In a post last week I talked about the very important pelvic floor muscles—that springy base that supports our pelvic organs and controls the orifices that pass through it. While it’s pretty darned important to keep our pelvic floor toned and in good working order, that becomes harder to do as we age and absorb more of the slings and arrows of outrageous fortune. Or just of daily life.
One common side effect of aging on those muscles is pelvic organ prolapse—or POP. This is when one or more of the organs resting on our pelvic floor—the uterus, the bladder, and the bowel—sag into one another, sometimes causing the vagina to protrude. It’s like pebbles on an elastic surface. If the surface is taut, the pebbles stay in place; relax the surface, and the pebbles all roll toward the center.
When we were young, our pelvic floor muscles were taut and nicely toned, and our organs were all held in place by ligaments and the pelvic floor. Over time, those ligaments stretch and sometimes tear. The pelvic floor sags and loses tone, and the organs tend to drop, move around, and squish together.
Factors that cause or exacerbate POP are
- vaginal delivery, especially of large babies
- heavy lifting
- chronic constipation
- chronic cough
- being overweight
- menopause and loss of estrogen
Since virtually all of us have encountered (or will encounter) at least one of those conditions, pelvic organ prolapse is, as you might expect, extremely common. About half of us will experience some degree of prolapse in our lifetime. Not only that, it’s been around for a while, too; it was mentioned in literature as long ago as 2000 B.C.!
Often, the condition is mild and you may not even know you have a prolapse, in which case you don’t need to do anything. On the other hand, you may experience one or more of the following unpleasant symptoms:
- difficulty urinating or having a bowel movement
- leaking urine with any “bearing down” motion, such as running, sneezing, or coughing
- a sudden urge to urinate and not quite making it to the bathroom
- leaking small amounts of stool
- frequent urinary tract infections
- feeling as though something is falling out of the vagina
- tissue emerging from the vagina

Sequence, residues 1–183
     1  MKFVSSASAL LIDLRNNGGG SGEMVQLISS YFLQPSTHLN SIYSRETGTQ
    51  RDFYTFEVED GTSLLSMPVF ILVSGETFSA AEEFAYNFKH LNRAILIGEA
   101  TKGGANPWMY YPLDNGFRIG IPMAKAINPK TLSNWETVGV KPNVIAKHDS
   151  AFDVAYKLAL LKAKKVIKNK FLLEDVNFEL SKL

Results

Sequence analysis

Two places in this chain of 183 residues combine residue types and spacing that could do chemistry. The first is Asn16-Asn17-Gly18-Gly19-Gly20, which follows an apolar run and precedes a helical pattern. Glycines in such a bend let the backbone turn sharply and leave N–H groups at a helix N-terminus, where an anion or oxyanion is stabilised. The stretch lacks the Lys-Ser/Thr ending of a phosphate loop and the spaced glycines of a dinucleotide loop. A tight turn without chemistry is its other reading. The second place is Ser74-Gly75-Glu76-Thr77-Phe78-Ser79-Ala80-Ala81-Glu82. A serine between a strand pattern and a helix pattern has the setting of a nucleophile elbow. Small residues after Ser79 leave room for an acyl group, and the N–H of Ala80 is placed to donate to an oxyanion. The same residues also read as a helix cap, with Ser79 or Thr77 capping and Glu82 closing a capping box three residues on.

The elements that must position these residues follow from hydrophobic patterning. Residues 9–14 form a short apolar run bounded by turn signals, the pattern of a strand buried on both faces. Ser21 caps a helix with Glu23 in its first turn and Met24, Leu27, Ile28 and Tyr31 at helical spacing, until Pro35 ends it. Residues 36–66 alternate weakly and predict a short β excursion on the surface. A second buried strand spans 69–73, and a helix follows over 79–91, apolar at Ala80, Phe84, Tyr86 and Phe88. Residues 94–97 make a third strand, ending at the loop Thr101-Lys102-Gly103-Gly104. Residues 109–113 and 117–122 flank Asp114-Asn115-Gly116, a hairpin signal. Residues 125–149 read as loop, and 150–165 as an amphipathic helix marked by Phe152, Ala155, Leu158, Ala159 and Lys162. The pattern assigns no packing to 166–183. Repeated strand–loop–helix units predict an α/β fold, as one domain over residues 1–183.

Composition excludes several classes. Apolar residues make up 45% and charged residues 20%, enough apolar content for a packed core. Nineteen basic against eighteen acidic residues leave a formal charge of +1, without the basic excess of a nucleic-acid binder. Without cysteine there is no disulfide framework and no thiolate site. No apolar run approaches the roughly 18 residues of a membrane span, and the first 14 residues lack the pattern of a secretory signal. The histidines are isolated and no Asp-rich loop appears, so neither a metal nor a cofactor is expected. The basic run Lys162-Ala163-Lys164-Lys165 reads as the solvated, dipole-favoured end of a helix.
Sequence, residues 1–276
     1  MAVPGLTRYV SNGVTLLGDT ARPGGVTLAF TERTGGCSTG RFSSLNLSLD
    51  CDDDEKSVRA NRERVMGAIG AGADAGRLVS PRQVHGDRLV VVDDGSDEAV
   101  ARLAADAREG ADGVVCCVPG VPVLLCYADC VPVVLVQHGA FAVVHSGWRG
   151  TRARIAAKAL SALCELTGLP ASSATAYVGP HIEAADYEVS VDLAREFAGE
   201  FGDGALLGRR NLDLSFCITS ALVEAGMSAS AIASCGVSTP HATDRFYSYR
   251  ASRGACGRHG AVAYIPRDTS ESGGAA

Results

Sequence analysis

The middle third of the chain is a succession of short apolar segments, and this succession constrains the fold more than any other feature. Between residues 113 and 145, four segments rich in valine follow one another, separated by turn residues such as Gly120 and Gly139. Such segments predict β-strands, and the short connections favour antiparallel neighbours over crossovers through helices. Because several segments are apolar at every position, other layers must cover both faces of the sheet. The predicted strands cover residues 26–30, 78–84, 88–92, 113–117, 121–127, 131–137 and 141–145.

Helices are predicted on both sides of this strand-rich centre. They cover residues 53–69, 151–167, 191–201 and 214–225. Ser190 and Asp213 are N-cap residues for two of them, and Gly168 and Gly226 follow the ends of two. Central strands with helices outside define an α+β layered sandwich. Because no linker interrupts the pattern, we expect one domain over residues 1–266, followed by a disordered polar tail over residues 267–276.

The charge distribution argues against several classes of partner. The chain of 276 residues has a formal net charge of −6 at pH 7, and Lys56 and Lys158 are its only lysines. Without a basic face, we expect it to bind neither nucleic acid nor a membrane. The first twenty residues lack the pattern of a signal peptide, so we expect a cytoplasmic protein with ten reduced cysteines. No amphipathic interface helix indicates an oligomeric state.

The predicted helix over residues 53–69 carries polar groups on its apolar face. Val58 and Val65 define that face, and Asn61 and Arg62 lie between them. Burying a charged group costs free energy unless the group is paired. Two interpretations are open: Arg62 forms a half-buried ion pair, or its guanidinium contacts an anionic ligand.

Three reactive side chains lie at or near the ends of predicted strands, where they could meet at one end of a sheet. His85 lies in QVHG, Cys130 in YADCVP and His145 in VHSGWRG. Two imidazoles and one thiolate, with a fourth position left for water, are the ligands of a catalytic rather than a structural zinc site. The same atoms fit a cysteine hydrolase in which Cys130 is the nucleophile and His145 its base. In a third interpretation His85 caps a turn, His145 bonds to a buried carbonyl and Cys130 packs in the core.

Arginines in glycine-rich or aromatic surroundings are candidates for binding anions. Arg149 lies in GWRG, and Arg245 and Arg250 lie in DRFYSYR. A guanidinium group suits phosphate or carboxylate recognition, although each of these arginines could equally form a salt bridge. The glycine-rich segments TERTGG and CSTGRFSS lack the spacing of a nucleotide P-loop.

- partner’s sensing “something is in the way”; more rarely, painful intercourse
Our organs can prolapse in several creative ways. The bladder can fall into the vaginal wall in front, which is called a cystocele. The bowel can tip into the vaginal wall behind, called a rectocele. Or, the uterus can fall down into the vagina, often squishing it out the vaginal introitus (entry).
Treatment options include lifestyle change, surgery, or using a pessary. Lifestyle changes can prevent further damage to the pelvic floor:
- Maintain a healthy weight to relieve pressure on the pelvic floor
- Don't smoke, which is often associated with a chronic cough
- Avoid heavy lifting
- Avoid constipation and straining with bowel movements
- Do kegels. (Lots of kegels.)
Pessaries are simple silicone devices that are individually fitted and inserted into the vagina to hold it in place. They need to be removed and cleaned every few months, which can be done at home or in a doctor’s office. They’re usually effective, but they can limit the depth of penetration during sex.
Additionally, topical estrogen can help improve tone in the pelvic floor muscles and vaginal walls.
As a last resort, various surgical options can relieve the discomfort and distressing symptoms of prolapse. Sometimes this involves a hysterectomy and/or reconnecting the torn ligaments. Sometimes a synthetic mesh material is used to support the prolapsed organs.
Consider the surgical option carefully, however. According to the National Association for Continence (NAFC), about 11 percent of women have surgery for pelvic organ prolapse, and about 30 percent of those surgeries fail, necessitating yet another surgery. These failure rates have led some experts to consider POP a “chronic” condition. Additionally, a recent notification from the FDA warns against using the surgical mesh because of a high incidence of “serious complications.” Also, it may be impossible to remove the mesh once it’s in place.
Pelvic organ prolapse is common; it can cause embarrassing or annoying symptoms. It can interfere with sex, and it can even interfere with everyday activities. Once a prolapse has become severe, kegel exercises are less effective and treatment options are less reliable.
The best approach is to take care of your pelvic floor before things get out of hand. So, as we said before… start kegeling.
Dr. Barb DePree, M.D., has been a gynecologist and women’s health provider for almost 30 years and a menopause care specialist for the past ten.